Ashes to ashes, dust to dust, if the women don’t get you then the whiskey must.Carl Sandburg
In the previous post we examined sharpening stones, the minimum set I recommend, those I typically use, and the most important stone in any set. In this post we will shift our focus to things that can go wrong when sharpening, including supernatural influences.
As I mentioned in the previous post in this series I almost never take a 10,000+ grit synthetic finishing stone or natural finishing stone to jobsites. This decision is based on observation under practical conditions: Jobsites are rough and dirty places, and stones are fragile.
Even if Murphy is drunk and the Iron Pixies are distracted watching Lingerie Football on the boob tube (pun intended), airborne dust at the jobsite will always instantly degrade an expensive 12,000 grit rated stone to an effective 4,000 grit or less in an instant, making a fragile, expensive, ultra fine-grit stone pointless. How clean is your workplace? Something to think about. Seriously.
This is not just a theory that sprouted from my overactive imagination like a dandelion on a dung pile, but is scientifically verifiable. Give it try.
Get out your microscope or high-power loupe. Place a clean glass slide near where you will be sharpening. 60 minutes later, examine the slide and count the dust specks. How did they get there? Dust is in the air quite naturally, but vehicular and foot traffic kick up lots more.
Most of those dust specs are larger and harder than the grit that makes up your finishing stone. Imagine what happens to your blade when those pieces of relatively large, hard grit get mixed into the stone slurry, or become embedded into the stone’s surface. Not a pleasant thought.
Dust contamination even has historical precedence. Japanese sword sharpeners traditionally do their best work during the rainy season when there is less dust in the air to contaminate their stones.
Professionals that polish pianos, stone, glass and jewels are also sticklers for eliminating dust contamination.
Just design and build a few cleanrooms for picky customers with SEMs (scanning electron microscopes), or with lens coating equipment, or who make pharmaceuticals and you will get an education about dust and the problems it creates quickly.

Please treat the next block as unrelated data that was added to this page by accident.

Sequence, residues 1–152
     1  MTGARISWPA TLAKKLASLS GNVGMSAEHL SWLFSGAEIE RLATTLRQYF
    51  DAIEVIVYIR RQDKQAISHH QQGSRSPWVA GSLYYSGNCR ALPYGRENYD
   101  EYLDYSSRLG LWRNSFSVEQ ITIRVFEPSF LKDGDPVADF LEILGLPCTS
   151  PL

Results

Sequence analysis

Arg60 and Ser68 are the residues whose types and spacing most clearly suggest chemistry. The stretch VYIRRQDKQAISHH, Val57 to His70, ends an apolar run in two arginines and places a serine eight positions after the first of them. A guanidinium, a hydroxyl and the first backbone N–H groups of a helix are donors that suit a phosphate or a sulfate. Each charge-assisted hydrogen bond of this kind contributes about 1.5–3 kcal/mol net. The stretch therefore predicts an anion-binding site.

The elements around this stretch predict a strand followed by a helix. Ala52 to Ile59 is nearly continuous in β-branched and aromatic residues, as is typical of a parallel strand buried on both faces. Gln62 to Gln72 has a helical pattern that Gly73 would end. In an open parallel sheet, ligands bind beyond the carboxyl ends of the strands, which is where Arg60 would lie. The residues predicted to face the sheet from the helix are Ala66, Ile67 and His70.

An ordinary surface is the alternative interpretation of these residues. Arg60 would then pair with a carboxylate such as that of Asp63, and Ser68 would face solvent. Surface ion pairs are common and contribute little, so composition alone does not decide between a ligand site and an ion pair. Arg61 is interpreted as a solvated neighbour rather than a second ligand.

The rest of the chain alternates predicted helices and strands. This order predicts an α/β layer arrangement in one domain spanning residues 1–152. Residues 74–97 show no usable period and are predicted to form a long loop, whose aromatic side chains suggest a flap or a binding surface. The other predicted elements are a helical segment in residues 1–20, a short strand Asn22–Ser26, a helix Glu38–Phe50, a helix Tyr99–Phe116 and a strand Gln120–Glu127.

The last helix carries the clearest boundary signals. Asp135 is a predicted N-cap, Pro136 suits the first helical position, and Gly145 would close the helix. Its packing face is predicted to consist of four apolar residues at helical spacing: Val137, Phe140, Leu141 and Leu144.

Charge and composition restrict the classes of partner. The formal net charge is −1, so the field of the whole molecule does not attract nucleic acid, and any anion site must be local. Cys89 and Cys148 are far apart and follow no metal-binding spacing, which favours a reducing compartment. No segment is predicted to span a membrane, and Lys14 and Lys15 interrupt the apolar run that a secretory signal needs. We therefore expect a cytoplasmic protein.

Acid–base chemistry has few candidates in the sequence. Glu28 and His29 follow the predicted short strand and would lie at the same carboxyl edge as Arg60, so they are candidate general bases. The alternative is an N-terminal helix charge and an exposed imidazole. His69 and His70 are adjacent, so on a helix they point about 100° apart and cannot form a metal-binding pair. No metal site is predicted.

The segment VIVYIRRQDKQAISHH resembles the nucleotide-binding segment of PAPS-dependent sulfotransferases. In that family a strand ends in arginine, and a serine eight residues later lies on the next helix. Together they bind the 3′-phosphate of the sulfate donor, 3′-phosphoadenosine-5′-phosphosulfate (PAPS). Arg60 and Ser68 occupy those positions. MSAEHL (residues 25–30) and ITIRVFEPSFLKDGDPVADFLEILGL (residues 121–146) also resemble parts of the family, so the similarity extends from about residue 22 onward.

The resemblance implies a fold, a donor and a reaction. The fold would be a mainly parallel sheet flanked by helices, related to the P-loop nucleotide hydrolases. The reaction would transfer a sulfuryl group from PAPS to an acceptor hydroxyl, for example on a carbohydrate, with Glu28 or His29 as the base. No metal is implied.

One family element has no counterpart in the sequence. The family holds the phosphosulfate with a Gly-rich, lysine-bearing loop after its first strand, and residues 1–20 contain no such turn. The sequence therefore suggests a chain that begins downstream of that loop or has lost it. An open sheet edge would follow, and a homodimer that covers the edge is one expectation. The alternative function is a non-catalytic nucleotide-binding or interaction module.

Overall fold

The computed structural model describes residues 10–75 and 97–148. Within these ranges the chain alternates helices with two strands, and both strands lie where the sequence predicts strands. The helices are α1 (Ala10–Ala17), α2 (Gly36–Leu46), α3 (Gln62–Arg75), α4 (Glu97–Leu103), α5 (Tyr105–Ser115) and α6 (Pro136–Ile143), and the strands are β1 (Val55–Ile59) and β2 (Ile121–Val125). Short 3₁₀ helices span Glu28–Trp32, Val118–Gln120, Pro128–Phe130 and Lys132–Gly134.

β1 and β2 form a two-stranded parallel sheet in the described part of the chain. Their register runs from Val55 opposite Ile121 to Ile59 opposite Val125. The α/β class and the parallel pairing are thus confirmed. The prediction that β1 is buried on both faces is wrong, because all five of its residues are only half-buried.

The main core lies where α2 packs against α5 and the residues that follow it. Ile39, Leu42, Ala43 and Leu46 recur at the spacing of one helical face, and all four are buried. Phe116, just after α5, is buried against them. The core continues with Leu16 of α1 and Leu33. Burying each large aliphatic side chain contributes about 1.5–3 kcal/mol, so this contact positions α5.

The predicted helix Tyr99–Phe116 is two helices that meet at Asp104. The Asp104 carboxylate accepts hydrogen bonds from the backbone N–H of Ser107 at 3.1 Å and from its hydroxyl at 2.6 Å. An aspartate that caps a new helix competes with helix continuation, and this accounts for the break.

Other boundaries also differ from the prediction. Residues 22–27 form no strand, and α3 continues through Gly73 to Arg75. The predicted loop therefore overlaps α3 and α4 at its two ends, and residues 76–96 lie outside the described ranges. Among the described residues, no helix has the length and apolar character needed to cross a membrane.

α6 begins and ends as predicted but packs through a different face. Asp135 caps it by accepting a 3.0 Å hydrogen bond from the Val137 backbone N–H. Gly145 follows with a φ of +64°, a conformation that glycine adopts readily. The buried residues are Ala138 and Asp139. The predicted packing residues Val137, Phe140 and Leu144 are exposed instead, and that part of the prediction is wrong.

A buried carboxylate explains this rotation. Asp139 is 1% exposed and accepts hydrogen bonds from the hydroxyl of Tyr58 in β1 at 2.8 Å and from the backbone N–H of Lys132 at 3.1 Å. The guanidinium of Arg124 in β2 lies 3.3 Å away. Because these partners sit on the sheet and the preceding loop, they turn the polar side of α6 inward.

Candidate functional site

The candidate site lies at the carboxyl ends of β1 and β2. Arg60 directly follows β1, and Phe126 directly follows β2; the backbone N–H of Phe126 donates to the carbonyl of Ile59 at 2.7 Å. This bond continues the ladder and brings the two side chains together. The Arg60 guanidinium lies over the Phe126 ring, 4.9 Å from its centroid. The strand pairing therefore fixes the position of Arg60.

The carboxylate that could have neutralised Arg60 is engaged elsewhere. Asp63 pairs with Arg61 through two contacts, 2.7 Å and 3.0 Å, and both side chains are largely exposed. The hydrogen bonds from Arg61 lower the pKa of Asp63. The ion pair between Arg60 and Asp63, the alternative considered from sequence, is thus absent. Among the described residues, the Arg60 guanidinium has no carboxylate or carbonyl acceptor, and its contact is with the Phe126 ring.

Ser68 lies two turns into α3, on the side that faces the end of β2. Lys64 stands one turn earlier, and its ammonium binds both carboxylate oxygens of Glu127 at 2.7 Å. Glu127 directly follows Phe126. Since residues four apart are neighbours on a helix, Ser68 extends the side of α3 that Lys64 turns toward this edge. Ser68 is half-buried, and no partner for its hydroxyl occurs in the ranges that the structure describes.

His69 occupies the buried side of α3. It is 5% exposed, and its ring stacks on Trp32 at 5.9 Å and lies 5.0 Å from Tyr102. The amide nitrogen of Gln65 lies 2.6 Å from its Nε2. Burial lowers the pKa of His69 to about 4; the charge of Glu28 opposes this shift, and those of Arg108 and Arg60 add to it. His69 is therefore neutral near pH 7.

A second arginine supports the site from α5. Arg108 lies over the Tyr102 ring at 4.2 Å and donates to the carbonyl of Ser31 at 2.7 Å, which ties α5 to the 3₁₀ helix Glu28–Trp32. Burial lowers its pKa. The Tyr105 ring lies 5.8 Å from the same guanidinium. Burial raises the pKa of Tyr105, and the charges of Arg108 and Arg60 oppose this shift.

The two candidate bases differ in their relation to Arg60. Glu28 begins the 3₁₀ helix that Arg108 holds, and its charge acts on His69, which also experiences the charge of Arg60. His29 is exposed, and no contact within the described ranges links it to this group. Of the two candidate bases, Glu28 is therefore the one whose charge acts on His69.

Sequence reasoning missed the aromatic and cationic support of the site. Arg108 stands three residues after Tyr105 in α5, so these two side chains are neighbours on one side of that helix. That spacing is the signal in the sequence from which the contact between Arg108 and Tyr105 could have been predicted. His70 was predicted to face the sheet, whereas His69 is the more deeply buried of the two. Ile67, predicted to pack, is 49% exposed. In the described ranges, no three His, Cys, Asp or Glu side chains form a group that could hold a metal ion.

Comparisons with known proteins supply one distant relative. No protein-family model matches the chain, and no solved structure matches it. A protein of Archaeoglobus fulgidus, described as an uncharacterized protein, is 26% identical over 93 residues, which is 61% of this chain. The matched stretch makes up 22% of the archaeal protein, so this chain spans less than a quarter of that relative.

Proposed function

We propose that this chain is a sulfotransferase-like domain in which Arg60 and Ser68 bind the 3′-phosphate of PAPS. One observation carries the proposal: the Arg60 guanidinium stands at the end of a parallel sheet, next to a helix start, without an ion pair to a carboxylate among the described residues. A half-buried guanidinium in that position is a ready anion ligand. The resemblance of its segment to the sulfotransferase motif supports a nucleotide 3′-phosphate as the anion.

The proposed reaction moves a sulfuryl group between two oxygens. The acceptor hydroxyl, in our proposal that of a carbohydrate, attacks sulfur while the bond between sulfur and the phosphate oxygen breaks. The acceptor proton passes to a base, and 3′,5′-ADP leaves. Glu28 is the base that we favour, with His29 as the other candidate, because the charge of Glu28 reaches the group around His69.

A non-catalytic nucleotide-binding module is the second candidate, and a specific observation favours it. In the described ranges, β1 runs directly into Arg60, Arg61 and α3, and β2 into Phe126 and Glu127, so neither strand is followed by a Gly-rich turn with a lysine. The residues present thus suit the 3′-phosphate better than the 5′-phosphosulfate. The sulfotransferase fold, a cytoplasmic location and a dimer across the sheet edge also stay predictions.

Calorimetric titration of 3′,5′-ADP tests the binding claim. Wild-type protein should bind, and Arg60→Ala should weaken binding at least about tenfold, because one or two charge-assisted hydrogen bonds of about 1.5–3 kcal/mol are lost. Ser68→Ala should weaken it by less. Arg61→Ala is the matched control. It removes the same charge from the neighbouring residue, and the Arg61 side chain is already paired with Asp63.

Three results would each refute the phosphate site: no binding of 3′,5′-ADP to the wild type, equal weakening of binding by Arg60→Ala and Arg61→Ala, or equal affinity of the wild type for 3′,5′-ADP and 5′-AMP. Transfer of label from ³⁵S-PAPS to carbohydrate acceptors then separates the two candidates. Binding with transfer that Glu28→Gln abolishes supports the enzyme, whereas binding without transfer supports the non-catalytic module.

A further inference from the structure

What dust do we find at construction job sites or workshops? First, assuming we are working at a building project, there are exterior sources of dust. Unlike a house, the doors and windows are usually open to gain maximum circulation, even when dusty landscaping operations are ongoing and trucks carrying materials and garbage are running everywhere kicking up clouds of dust.
Second, unless you have the jobsite entirely to yourself, there are usually other trades inside the building grinding, sanding, cutting and walking around kicking dust into the air too. The most pernicious dust on the jobsite is drywall and joint compound. This white fluffy dust appears harmless, but it contains tiny granite silica particles harder than steel, that float around and settle on everything. They are a health hazard that has put more than one person in the hospital with respiratory problems. They will contaminate your sharpening stones.
Sandpaper, sanding discs, grinders and angle grinders also spray millions of tiny hard particles everywhere, many of which float in the air and can travel some distance before settling, especially inside an enclosed building or workshop.
Does your business or home workshop have a large door facing a public road with cars and trucks going back and forth? Do people with muddy boots come in and out? Are dirty pallets with piles of dirt hidden on the bottom boards offloaded inside? Do you use sanders or grinders in your workshop?
If you are sharpening outside, or at a dusty jobsite, or inside a dusty workshop, and especially if you regularly use sanders and grinders there, I recommend the following procedures before you use fine-grit stones:
- Try to locate your sharpening area away from foot traffic, grinding and sanding operations, and dusty areas;
- Sweep the surrounding floors well, since it is the movement of feet that billows settled dust back up into the air, and wait at least 15 minutes after sweeping for the dust to settle before sharpening;
- Wet the surrounding ground or floor with water to keep the dust down (this makes a big difference);
- Lay a clean cloth or a sheet of clean newspaper over your fine stone when you are not using it for more than a couple of minutes to prevent airborne dust from settling on it;
- Keep your fine stone wrapped in a clean cloth or newspaper when you are not using it;
- Scrub your fine stone under running water with dishwashing soap (neutral PH) and a clean natural-bristle brush before each use to remove dust and embedded grit.
And for heaven sake, even if you can’t take your benchdogs with you everywhere, at least have a brass bevel angle gauge in your toolkit, and use it everytime you sharpen, to keep the pernicious pixies at bay. I hang mine around my neck from a red string, red because all species of the Little Folk strongly dislike that color. It’s no coincidence that Iron Pixies take great joy at turning valuable tools red.
Links to Other Posts in the “Sharpening” Series
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